Light. Fast. Strong. Powerful. I feel like I could run forever. The run is freedom. The run is the answer. There is no problem in life that a long run can’t solve.
Except for the ones that it can’t.
My legs are filled with cement and my lungs are on fire, my left kidney might have given out back at mile 2.3, and the voices came along for the ride.
Who do you think you are? Why do you even try? You. Are. Nothing.
I glance at my watch. I don’t remember a quarter mile taking this long. It’s hot. I should have worn shorts.
You can’t do anything right, can you?
One more mile and then I’ll turn around and head home. One more mile. The switch has to flip soon. I know it will. I will return home feeling better than when I left.
WHAT IS THE POINT?
I’m walking now, shoulders hunched. I’m done and my whole body knows it.
I wish I could disappear. This isn’t working. The blue skies and puffy clouds are mocking me as I trudge back toward home. They should make me happy. I’m supposed to be happy. I’m so lucky to still be able to run. I’m so lucky to live right here in these mountains. I have no reason not to be the happiest woman alive. The dust wafts in tiny puffs in front of my high-end running shoes. A wave of guilt washes over me at even owning them. They were made for real runners.
So many of us are drawn to running because it is simple. We can step away from life’s issues and put one foot in front of the other until endorphins, dopamine, serotonin and all those other ‘feel good’ chemicals kick in. Push harder to get stronger, faster, better. Or put it on cruise control and take it easy to relieve stress.
Depression is anything but simple. The more that this complex disorder is researched, the more possible factors are found to be involved in causing it. Genetic predisposition, life situations, trauma, gut health, faulty neurotransmitters – the variables seem endless, but the message is clear: Depression is a very real condition with biological repercussions that cannot just be dismissed by deciding you don’t want to be sad.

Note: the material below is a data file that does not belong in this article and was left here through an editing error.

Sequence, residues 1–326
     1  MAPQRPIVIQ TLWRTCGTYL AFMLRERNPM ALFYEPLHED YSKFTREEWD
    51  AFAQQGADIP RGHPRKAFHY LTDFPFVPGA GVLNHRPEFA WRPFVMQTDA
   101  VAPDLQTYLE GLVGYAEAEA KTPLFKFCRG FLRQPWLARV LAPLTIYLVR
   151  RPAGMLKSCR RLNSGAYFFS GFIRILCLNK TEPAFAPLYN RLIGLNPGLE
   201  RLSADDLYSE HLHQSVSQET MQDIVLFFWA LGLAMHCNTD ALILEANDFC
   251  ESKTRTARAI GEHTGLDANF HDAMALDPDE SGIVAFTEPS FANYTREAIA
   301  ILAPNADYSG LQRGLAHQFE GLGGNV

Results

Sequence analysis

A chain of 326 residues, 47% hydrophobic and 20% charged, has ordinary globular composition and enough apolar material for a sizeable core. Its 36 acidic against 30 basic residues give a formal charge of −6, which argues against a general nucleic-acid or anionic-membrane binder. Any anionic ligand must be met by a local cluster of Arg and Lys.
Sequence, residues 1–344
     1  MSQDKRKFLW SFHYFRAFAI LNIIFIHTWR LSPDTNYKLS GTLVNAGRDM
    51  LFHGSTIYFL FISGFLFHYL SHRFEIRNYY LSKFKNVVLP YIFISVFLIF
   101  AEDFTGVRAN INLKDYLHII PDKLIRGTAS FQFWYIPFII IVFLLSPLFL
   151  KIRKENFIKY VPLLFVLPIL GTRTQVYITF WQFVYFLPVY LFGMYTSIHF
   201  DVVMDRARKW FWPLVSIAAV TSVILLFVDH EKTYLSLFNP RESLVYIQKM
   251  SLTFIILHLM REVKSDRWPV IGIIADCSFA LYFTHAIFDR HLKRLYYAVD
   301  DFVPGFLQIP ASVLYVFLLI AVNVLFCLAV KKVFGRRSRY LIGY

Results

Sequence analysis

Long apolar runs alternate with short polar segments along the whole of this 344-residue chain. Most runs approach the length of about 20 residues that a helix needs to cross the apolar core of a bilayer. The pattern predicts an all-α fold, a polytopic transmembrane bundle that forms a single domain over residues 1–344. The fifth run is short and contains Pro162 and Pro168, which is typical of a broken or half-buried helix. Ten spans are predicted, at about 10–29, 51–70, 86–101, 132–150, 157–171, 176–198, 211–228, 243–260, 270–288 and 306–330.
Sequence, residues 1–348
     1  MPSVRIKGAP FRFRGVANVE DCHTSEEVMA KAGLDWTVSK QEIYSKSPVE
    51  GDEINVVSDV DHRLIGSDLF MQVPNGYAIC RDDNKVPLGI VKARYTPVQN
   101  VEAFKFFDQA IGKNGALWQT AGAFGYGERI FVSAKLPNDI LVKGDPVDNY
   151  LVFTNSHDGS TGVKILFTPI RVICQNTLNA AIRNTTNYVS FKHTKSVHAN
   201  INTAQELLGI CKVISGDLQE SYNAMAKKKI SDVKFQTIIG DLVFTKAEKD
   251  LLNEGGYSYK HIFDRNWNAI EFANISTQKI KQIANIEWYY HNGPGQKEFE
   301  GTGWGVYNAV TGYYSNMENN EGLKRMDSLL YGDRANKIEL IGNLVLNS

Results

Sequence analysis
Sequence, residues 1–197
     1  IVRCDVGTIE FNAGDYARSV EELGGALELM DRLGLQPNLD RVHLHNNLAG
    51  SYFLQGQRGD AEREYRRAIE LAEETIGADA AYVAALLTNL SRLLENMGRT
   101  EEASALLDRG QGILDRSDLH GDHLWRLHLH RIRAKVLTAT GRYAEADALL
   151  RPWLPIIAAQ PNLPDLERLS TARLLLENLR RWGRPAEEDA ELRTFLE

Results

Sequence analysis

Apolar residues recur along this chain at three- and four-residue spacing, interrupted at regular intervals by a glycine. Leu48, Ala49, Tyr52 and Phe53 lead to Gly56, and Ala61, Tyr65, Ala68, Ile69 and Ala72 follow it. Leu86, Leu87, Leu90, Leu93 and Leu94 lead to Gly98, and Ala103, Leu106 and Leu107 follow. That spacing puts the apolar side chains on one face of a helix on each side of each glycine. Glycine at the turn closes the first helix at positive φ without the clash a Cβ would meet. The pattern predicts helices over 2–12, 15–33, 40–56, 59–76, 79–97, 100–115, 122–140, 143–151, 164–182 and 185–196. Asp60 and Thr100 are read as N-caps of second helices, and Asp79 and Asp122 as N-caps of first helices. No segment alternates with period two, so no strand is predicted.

I see well-intentioned motivational memes declaring that nature and exercise are true treatment and that nothing else is needed. “Just try harder!” If this were true, I’d be the happiest hippy on the planet. This is not to downplay the importance of nature and exercise. They are absolutely vital tools in coping with a debilitating disease. Some runs do feel like the fix. When it comes to depression, the warriors that live with it will confess that nothing is permanent. Meds need to be changed now and then. Sleep cycles alter. And sometimes the run doesn’t work.
Living with this disorder has taught me that there is no shame in finding what works for you. And there is no shame in changing and combining survival tactics whenever what worked doesn’t anymore.* Herbal remedies, prescription medication, diet changes, exercise habits, cognitive therapy, and yoga are all valid resources for helping you to cope. There is no ‘versus’ in treating a disease this complex. The best weapons in the fight against depression are a strong support network, and a huge list of possible resources with a committed willingness to use them.
My plea for our community is that we stop pretending to know what is right for anyone else, and instead stand as a part of the support network. Check in with your friends. Connect with them. Don’t let them disappear when they feel as if they might. And my plea for my fellow mental health warriors is that we commit to continuing our stories by whatever means necessary. Let’s not limit ourselves to a pill or a run, and let’s not forget that what didn’t work today might be tomorrow’s savior. May we care for ourselves and each other as if lives depended on it, and may we never lose hope that tomorrow’s run might flip the switch.